Trees April 11, 2016Posted by The Typist in Once Upon A Bayou, quotes, Shield of Beauty, The Mystery, The Narrative, The Sacred Grove, The Typist, The Vision, Toulouse Street.
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Trees are sanctuaries. Whoever knows how to speak to them, whoever knows how to listen to them, can learn the truth. They do not preach learning and precepts, they preach, undeterred by particulars, the ancient law of life.
A tree says: A kernel is hidden in me, a spark, a thought, I am life from eternal life. The attempt and the risk that the eternal mother took with me is unique, unique the form and veins of my skin, unique the smallest play of leaves in my branches and the smallest scar on my bark. I was made to form and reveal the eternal in my smallest special detail.
A tree says: My strength is trust. I know nothing about my fathers, I know nothing about the thousand children that every year spring out of me. I live out the secret of my seed to the very end, and I care for nothing else. I trust that God is in me. I trust that my labor is holy. Out of this trust I live.
When we are stricken and cannot bear our lives any longer, then a tree has something to say to us: Be still! Be still! Look at me! Life is not easy, life is not difficult. Those are childish thoughts. Let God speak within you, and your thoughts will grow silent. You are anxious because your path leads away from mother and home. But every step and every day lead you back again to the mother. Home is neither here nor there. Home is within you, or home is nowhere at all.
So the tree rustles in the evening, when we stand uneasy before our own childish thoughts: Trees have long thoughts, long-breathing and restful, just as they have longer lives than ours. They are wiser than we are, as long as we do not listen to them. But when we have learned how to listen to trees, then the brevity and the quickness and the childlike hastiness of our thoughts achieve an incomparable joy. Whoever has learned how to listen to trees no longer wants to be a tree. He wants to be nothing except what he is. That is home. That is happiness.
~ Hermann Hesse, Bäume. Betrachtungen und Gedichte
Pedestrian I: The Old Man in the Oaks February 29, 2016Posted by The Typist in cryptical envelopment, Pedestrian I, The Journey, The Mystery, The Narrative, The Typist, The Vision, Toulouse Street.
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Walking with intent, without the distraction of an iThing and ear buds and with attention to my environment, I find the most interesting things in the grove of oaks and other trees along the south side of Bayou Metairie. Among yesterday’s discoveries was The Old Man in the Oak. No, I’m not going to tell you where to find him. You will have to join me in walking with intent through what I have come to think of as the Sacred Grove.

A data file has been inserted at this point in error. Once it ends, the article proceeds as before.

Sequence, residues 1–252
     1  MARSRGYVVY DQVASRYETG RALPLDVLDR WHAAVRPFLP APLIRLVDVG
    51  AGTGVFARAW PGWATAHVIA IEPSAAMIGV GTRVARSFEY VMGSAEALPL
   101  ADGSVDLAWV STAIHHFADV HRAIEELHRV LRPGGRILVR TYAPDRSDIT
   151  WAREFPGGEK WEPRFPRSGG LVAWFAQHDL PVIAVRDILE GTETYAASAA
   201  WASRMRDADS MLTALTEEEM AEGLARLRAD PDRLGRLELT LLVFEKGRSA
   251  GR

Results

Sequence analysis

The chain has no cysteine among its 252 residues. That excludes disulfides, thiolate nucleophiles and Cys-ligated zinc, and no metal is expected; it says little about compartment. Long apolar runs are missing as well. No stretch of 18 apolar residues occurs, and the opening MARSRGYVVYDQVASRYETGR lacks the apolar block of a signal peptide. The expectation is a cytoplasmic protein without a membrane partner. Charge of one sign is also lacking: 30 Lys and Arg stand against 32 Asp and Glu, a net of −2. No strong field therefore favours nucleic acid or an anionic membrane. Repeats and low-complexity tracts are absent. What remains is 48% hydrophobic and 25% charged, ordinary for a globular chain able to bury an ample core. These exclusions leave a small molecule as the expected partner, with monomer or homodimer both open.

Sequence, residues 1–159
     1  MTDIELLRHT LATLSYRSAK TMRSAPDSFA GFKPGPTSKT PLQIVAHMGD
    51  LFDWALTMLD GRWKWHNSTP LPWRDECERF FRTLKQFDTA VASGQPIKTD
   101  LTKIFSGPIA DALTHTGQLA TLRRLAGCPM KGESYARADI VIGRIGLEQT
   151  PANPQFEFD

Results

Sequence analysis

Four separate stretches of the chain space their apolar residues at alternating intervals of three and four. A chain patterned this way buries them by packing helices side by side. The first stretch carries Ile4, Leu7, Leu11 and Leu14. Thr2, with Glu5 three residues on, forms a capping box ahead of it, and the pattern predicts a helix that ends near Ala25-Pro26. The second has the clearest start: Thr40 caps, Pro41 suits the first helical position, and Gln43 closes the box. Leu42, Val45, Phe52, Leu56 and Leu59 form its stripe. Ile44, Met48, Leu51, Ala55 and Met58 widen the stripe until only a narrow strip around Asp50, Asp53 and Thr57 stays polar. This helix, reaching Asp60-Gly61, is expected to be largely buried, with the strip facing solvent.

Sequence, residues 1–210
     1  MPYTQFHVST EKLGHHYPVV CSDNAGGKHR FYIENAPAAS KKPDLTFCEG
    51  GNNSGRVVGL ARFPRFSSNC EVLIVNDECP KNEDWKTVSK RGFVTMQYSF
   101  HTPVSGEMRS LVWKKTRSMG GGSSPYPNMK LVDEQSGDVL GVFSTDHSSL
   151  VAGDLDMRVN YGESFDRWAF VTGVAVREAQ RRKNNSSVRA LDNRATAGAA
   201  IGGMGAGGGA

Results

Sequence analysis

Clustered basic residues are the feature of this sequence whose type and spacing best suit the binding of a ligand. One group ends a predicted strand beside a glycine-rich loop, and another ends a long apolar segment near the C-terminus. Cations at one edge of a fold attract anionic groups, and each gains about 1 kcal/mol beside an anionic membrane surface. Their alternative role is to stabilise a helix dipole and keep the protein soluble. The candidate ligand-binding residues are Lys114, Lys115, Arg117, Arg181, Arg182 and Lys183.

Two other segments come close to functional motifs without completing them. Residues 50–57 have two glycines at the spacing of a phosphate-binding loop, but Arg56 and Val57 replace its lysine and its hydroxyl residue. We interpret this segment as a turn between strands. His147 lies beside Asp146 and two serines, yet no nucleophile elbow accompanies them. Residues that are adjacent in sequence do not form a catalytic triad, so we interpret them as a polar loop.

Of course, when intent and attentive, one also notices certain vistas of great beauty. I make a habit of leaving the sidewalk and going cross-country as it were through the grove of live oaks, stepping over and through what I think of as gates made by the pendulant branches that come down and touch the ground only to ascend again. Below is a view I found particularly striking on Sunday. I call it the Lady in the Grove.
Finally, while wending my way through the gates (think walking straight ahead above toward the fountain, although the particular path I thread usually involves a much smaller passage), I found a rose stuck in the ground, framed by (and appearing to glare at) a green bottle cap with a bit of gold twist tie you can’t easily make out laying nearby.
Walking with Intent. It’s the only way to travel.
Yo soy yo y mi circumstancia February 27, 2016Posted by The Typist in cryptical envelopment, The Mystery, The Narrative, The Typist, The Vision, Toulouse Street.
“Yo soy yo y mi circumstancia” (“I am I and my circumstance”) (Meditaciones del Quijote, 1914).”
For [Jose’] Ortega y Gasset, as for Husserl, the Cartesian ‘cogito ergo sum’ is insufficient to explain reality. Therefore, the Spanish philosopher proposes a system wherein the basic or “radical” reality is “my life” (the first yo), which consists of “I” (the second yo) and “my circumstance” (mi circunstancia). This circunstancia is oppressive; therefore, there is a continual dialectical interaction between the person and his or her circumstances and, as a result, life is a drama that exists between necessity and freedom.
Wyrd Synchronicity February 5, 2016Posted by The Typist in cryptical envelopment, Imbolc, New Orleans, The Journey, The Mystery, The Narrative, The Typist, The Vision, Toulouse Street.